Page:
What affects one, affects us all
INTROSPECTIVE - Tony F. Katigbak (The Philippine Star) - March 4, 2020 - 12:00am

It has been several weeks since news about the coronavirus disease 2019, or COVID-19 broke. In the beginning, it looked like all the other times we dealt with a new disease — a few cancelations here and there, perhaps rebooked flights, a little work disruption and then things would get under control and life would return to normal.

While I am still hoping that this will eventually become the case, the truth is that COVID-19 is hitting the world much harder this time and proving, beyond a doubt, that while isolationism is what several countries are striving for these days, we are still truly connected and what affects one of us will have a ripple effect that will eventually reach us all.

This global realization comes at the heels of the fast spread of COVID-19 and the Herculean task global health organizations have to contain it. What’s more, it has begun to affect not just travel and tourism, but also business, jobs, the global economy, and all-around human interactions. Sadly, it seems that containment is no longer possible as more and more countries have confirmed cases of the disease. At this point, management and treatment are priorities.

It’s unbelievable how quickly the disease spread and is yet another reminder of how connected the whole world is despite closed borders and talks of building walls. Since the very first global report of COVID-19 cases in China last Dec. 31, the illness has spread to countries all over the world including Korea, Japan, Hong Kong, Norway, Italy, Romania, Greece, Pakistan, Brazil, Northern Ireland, Denmark, the Philippines, and the United States to name a few. The global death toll is at the 3,000 mark while infections are at about 80,000.

Along with the health problems the outbreak has caused, there are the severe implications it presents for business and the global economy. It’s already been difficult maintaining good business ties internationally when countries have already been giving each other a difficult time when it comes to working together. The global economy had already taken a hit even before the virus, and now, more than ever, international investments and job displacement is going to be a serious problem.

As of February, tourism has taken a serious hit as airlines have stopped certain flights and routes, tourist attractions have closed their doors temporarily, and planned festivals and events have been either postponed or canceled completely. It’s actually very sad and the next few weeks look pretty bleak while everyone figures out what to do next and how to contain and control the virus on their shores.

The supply chain is also severely affected as several raw materials and goods come out of China and export and deliveries have been greatly impacted by COVID-19. For countries that rely heavily on China for imports of both goods and raw materials, the impact is already quite evident and could get worse before it gets better.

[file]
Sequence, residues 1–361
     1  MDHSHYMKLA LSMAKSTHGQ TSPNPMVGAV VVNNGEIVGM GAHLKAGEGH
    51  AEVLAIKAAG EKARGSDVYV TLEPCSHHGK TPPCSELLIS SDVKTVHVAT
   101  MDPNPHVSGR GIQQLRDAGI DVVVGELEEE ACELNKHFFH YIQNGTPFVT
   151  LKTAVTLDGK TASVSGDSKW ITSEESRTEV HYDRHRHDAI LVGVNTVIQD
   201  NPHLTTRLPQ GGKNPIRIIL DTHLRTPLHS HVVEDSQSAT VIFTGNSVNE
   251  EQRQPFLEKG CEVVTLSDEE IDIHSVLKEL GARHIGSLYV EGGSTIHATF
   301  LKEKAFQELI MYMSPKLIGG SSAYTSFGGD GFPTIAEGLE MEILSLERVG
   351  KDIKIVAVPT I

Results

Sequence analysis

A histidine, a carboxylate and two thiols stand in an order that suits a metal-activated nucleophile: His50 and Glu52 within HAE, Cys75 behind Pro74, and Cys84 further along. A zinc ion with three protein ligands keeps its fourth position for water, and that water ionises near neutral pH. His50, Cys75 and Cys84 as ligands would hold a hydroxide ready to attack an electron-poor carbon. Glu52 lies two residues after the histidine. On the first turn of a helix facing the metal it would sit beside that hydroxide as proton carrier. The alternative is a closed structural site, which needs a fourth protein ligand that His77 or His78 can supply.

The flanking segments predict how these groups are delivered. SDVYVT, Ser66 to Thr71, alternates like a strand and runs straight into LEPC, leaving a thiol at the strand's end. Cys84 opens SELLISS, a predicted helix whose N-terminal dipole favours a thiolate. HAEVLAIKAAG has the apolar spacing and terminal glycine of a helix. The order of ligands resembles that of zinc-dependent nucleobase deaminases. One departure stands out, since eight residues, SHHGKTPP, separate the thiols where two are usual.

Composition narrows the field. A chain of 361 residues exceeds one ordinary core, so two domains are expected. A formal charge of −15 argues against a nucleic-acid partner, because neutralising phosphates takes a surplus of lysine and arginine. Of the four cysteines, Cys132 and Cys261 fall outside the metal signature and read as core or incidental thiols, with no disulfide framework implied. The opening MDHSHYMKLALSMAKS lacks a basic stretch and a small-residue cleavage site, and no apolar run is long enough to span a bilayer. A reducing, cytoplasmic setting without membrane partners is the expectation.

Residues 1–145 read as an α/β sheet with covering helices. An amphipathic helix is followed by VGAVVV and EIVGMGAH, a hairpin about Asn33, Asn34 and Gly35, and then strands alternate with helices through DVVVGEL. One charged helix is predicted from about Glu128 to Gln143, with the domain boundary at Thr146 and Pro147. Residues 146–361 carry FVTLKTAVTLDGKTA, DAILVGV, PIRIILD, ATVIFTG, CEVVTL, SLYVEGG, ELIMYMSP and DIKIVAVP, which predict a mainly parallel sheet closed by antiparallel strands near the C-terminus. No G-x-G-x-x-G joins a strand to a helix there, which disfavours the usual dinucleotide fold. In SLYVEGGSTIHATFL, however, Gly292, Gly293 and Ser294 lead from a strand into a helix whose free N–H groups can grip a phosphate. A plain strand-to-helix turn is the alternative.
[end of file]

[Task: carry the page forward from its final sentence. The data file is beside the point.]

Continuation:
In the Philippines, job displacement is also a real problem. We have to brace ourselves for severe disruptions for overseas workers and the possible displacement of workers who are already based abroad. As is, there are several workers from Hong Kong and Singapore who came home for the holidays and have not been able to return since to their work. This has not only made life challenging, but has also left them scrambling for a way to make a living in the interim.

In Italy, where over 100,000 OFWs are located, they have already issued lockdown due to COVID-19 and it looks as if that may just happen in the Middle East and North Africa countries where there are over two million Filipino OFWs. This could lead to serious issues if the virus is not contained acceptably in the coming weeks.

The United States is also slowly taking steps to cut off ties with China and other heavily infected countries. They have cancelled flights and the US government is looking at ways to prevent any type of import from suspected infected destinations. We have yet to see how this will further impact the global economy moving forward, but I can tell the outcome is not going to be good, at least not in the immediate future.

It’s honestly disheartening seeing so much bad news about the virus and wondering how long it will take to be able to successfully manage it. I have faith that we will get it together in time, but for now, we have to take things one step at a time.

Hopefully, this shared problem will eventually unite us instead of divide us further. We all need to work together if want to beat this outbreak. It’s useless at this point to pretend that we aren’t all affected because it’s plain that we are all impacted in the same way. Closing ourselves off from one another isn’t going to make it better. Sharing resources, working together, being transparent — these are the ways forward. In the meantime, as individuals, we need to stop panicking and do our best to contain the virus in our own ways — wash our hands, maintain hygiene, and be responsible for our health and wellness.

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